Vessel in DHB collision leaves Guyana without notifying authorities

The content originally appeared on: News Americas Now

Black Immigrant Daily News

The content originally appeared on: INews Guyana

Pursuant to a court order dated November 11, MT Tradewind Passion—the fuel tanker that crashed into the Demerara Harbour Bridge, resulting in GY$1 billion and counting in damages to the 44-year-old floating structure, has left Guyana, but without notifying the relevant authorities.

This was revealed by Public Works Minister Juan Edghill in a Facebook post on Saturday.After the October 8 collision, the Demerara Harbour Bridge Corporation (DHBC) filed an application to arrest the vessel, which was granted the said day by the High Court.

“Consequent upon these court orders, and without notification to the General Manager and Management of the Demerara Harbour Bridge, the Tradewind Passion sailed on Monday 21st November 2022. It should never be inferred that the State of Guyana through its regulatory agencies has no control over its waters and marine traffic. To make such inferences is mischievous, ridiculous, and deliberately misleading,” Minister Edghill said.

According to him, any ocean-going vessel set to depart Guyana’s waters cannot just sail into the sunset at will but instead has to initiate the required processes which are done by a shipping agency. He, therefore, said it is “absurd” for one to assume “that a vessel like the Tradewind Passion, which is currently the subject of court action would not be monitored.”

High Court Judge Fidela Corbin-Lincoln ordered the release of the vessel on the condition that its owner, Canama Trading S De RL, a company registered in Panama set up a limitation fund in the sum of $245.5 million, through a letter of undertaking by Steamship Mutual—a leading provider of Protection & Indemnity (P&I) insurance headquartered in London, United Kingdom (UK).The letter of undertaking had to be lodged with the Supreme Court of Judicature’s registrar.

Edghill noted that there was no actual payment of money to the court. According to the Judge’s order, upon the constitution of the limitation fund, the DHBC must allow the vessel to return to service and leave Guyana forthwith, failing which it would be held in contempt of court.

The Public Works Minister has nevertheless assured that the Government will continue to vigorously pursue its claims in this matter to ensure that the Demerara Harbour Bridge is justly compensated for the damages caused by the Tradewind Passion.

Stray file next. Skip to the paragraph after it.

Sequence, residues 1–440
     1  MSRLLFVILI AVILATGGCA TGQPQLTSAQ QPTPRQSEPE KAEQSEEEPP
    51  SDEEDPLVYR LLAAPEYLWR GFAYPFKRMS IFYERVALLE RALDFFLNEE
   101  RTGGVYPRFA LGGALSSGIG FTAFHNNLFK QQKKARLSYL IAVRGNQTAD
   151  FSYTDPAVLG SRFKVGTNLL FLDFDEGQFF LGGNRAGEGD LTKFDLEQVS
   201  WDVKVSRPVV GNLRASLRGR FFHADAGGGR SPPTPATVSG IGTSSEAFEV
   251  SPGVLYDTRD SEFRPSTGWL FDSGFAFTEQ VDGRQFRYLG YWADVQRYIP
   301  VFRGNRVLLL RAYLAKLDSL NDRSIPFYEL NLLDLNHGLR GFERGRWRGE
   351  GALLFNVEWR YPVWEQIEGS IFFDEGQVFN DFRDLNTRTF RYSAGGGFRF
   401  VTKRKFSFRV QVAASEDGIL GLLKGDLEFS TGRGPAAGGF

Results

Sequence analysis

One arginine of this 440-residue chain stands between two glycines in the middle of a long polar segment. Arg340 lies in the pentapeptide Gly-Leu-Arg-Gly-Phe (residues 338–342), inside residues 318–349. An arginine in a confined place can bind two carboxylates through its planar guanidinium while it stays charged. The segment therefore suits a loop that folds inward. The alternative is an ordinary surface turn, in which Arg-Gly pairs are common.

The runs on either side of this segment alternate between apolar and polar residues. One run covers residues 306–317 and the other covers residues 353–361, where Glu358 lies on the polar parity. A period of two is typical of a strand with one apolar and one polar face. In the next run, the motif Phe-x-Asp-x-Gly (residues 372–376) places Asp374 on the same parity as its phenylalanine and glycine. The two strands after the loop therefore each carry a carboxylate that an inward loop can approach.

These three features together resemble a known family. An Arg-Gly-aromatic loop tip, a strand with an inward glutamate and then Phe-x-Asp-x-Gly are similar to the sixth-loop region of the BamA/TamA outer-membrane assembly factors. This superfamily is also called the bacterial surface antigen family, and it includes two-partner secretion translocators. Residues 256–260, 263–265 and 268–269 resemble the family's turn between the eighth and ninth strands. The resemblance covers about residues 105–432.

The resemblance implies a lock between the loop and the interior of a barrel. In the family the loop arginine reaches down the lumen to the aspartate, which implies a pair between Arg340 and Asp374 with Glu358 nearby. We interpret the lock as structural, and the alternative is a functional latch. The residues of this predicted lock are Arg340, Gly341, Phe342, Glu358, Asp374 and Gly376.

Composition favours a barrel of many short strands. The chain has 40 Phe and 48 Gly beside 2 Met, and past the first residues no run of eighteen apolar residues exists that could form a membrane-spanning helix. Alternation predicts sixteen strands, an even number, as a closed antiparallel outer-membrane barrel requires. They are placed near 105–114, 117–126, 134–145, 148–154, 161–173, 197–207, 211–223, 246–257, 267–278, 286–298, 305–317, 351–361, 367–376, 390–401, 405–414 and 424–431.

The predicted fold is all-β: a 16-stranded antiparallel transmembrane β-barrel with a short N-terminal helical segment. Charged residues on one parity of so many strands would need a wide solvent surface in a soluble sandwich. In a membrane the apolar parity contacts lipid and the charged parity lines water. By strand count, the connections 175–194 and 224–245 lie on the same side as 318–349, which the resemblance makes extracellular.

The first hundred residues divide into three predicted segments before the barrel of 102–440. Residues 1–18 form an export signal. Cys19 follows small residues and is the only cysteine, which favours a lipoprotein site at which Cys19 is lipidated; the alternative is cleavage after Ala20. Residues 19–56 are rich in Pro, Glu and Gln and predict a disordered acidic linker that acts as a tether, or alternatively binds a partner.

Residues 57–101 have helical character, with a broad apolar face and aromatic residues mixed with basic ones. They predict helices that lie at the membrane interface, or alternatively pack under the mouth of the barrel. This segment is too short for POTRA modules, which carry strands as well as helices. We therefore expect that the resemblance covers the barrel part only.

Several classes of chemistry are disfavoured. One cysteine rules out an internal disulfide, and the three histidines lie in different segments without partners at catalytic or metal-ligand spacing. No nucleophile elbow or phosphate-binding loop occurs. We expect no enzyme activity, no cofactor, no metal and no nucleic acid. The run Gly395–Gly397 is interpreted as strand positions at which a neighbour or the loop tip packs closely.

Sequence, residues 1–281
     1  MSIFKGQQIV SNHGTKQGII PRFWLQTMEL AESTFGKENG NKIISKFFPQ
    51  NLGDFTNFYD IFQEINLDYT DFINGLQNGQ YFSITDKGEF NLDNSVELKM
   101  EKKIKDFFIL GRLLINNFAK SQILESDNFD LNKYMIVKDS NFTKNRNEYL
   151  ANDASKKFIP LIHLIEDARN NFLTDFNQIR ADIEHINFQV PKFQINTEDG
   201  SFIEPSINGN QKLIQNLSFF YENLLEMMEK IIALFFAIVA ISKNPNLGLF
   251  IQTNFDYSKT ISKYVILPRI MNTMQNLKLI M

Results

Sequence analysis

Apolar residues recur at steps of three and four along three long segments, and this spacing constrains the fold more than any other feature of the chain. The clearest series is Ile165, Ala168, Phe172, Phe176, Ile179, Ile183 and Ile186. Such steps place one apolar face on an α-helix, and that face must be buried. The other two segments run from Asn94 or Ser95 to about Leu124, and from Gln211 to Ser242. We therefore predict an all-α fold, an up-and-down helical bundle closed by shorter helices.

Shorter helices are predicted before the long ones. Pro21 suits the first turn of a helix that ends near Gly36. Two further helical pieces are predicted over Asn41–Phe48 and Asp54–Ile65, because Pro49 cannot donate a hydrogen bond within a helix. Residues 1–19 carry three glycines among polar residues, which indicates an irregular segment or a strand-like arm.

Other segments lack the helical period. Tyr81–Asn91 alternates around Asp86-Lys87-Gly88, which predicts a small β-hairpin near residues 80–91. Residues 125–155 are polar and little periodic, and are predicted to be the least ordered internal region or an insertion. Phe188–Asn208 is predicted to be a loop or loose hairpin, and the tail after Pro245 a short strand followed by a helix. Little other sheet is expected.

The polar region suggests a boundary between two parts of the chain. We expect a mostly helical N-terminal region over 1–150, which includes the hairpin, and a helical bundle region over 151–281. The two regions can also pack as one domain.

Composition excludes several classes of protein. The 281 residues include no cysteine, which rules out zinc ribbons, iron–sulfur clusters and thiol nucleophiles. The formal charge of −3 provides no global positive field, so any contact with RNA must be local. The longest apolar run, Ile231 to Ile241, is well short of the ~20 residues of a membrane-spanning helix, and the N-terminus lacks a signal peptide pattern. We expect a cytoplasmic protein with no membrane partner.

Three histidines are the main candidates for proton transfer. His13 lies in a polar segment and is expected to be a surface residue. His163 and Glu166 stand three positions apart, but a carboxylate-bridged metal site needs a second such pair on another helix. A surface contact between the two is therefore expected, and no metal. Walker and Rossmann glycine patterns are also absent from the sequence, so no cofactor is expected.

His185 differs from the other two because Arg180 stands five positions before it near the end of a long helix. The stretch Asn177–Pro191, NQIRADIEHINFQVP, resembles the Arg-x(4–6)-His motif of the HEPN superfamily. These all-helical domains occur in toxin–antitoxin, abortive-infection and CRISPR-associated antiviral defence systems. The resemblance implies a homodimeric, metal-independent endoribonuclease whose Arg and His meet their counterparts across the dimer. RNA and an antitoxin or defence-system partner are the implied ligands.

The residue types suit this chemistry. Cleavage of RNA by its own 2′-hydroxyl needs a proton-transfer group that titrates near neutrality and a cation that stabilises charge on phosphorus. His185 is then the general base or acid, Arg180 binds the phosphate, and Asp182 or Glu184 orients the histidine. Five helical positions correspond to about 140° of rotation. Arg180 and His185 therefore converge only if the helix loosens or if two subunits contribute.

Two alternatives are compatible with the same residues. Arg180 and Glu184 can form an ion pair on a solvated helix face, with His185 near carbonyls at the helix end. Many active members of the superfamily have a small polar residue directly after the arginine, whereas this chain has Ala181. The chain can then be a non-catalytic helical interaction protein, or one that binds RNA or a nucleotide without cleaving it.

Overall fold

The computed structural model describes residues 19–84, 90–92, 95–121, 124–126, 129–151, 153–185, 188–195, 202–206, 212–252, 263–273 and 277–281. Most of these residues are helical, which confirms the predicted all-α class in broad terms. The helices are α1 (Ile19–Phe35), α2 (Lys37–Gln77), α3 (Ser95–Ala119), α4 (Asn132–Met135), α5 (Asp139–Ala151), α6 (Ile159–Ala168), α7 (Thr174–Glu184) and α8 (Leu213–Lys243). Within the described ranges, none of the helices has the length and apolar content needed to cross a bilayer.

The DHBC has filed an over-a-billion-dollar lawsuit against the owner of the vessel which has refused to compensate the corporation for repair works carried out on the bridge.

This is despite several oral requests for payment.Further, the corporation is seeking GY$50 million in damages for negligence since the master of the vessel was negligent by not exercising the relevant international safety conventions for safety at sea. It said that the master did not apply the applicable speed necessary in the prevailing circumstances.

Due to the negligence of the master and the vessel’s crew, the DHBC complained that it has suffered and will continue to suffer extensive losses.

According to the DHBC, the vessel’s master was negligent since he failed to sail at a safe speed; failed to report difficulties being encountered upon approaching the bridge; and failed to use reasonable care and skill in its operation so that the fuel tanker could veer away from, thereby avoiding collision with the bridge. At the time, the vessel was under the control and command of Captain Freddy Mendoza, advised by Pilot Kenneth Cort, who a Board of Inquiry (BoI) into the collision has recommended be suspended for not less than 24 months.

Cort has some two decades of experience.The DHBC is also suing for projected works it will have to carry out on the bridge.The claim was filed by PPP/C parliamentarian, Attorney-at-Law Sanjeev Datadin.

Meanwhile, Canama Trading S De RL has countersued the Maritime Administration Department (MARAD), Harbour Master Glasford Archer, and the DHBC for more than $100,000 in damages for the unlawful detention of its vessel. It contended that the detention of the vessel, without an application pursuant to Section 439 (1) of Guyana’s Shipping Act being made to the court, constitutes a wrongful and unlawful deprivation, detention, interference with, trespass upon, restraint, or imprisonment of its property and the crew of the vessel. The company is claiming loss of use of the vessel at a daily rate of US$12,250.

Justice Corbin-Lincoln has granted Canama Trading S De RL’s request to argue limitation of liability pursuant to Section 402 of Guyana’s Shipping Act as a defence to the DHBC’s lawsuit.

According to the company, it reserves all rights to contest any sums claimed by the DHBC, whether on grounds of failure to mitigate, or otherwise.

Reports indicate that at around 02:00h on October 8, the vessel which transports fuel for the Guyana Oil Company (GuyOil), while heading south, crashed into the Demerara Harbour Bridge, despite desperate calls to ‘drop anchor’ from the Shift Supervisor, Andy Duke.

Duke, who was in one of the lookout towers, tried desperately to communicate with the pilot without success. He eventually had to jump from the booth to save his own life. He fractured his leg in the process and was hospitalised. The other men who were working at the bottom of the bridge, including Mechanical Maintenance Engineer Ahmad Khan, had to run for their lives.

The collision caused extensive damage to critical components of the Demerara Harbour Bridge, which not only left it inoperable but resulted in thousands of passengers and tons of agricultural produce stranded on both sides of the Demerara River.

While repairs were being carried out on the bridge which was reopened on October 10, water taxis which normally operate for 12 hours, were allowed to work for 24 hours.